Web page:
A state appeals court panel on Wednesday upheld the convictions of two men for killing a woman who had testified in the murder of trial of one of their fellow gang members.
The three-justice panel from California's 2nd District Court of Appeal rejected the defense's contention that there was insufficient evidence of premeditation and deliberation by Ramiro Alvarez and Rodney Coronel Perez, who were convicted of the May 11, 2009, shooting death of 24-year-old Roberta Romero.
She was driving from West Covina to Pomona and shot three times—once each in the head, chest and back—slightly over a year after testifying as a prosecution witness in the murder trial of Ralph Flores, who belonged to the same gang as Perez and Alvarez.
Flores was sentenced to death in September 2008 after being convicted of four murders.
In a 15-page ruling, the appellate justices noted that Romero was killed "in revenge for her testimony" and that jurors could reasonably infer that it would serve as "a warning to others who might consider testifying against members of the gang."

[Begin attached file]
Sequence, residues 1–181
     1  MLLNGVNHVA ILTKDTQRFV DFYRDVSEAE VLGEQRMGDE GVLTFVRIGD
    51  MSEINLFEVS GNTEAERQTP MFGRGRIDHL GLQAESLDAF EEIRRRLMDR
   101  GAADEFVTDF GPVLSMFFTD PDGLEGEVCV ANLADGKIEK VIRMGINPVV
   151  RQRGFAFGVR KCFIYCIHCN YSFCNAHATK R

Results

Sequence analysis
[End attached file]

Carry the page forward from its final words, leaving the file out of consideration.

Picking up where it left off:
"Shortly after arriving at a secluded residential area, they put on their gloves, took Romero out of the car and walked her to a cul-de-sac where they forced her to kneel on the ground and shot her execution-style -- at close range in the head, heart and back," the justices noted.
The panel found that there was "substantial evidence that both Alvarez and Perez personally and intentionally shot Romero," noting that forensic evidence is "consistent with the conclusion that Romero suffered three bullet wounds from two different caliber guns."
Alvarez and Perez were convicted in April 2012 of first-degree murder, with jurors finding true the special circumstance allegations of murder of a witness to a crime and murder to further the activities of a criminal street gang.
The two were sentenced in December 2012 to life in prison without the
possibility of parole. Prosecutors opted not to seek the death penalty after
two juries deadlocked on whether to recommend a death sentence or life in
prison without the possibility of parole.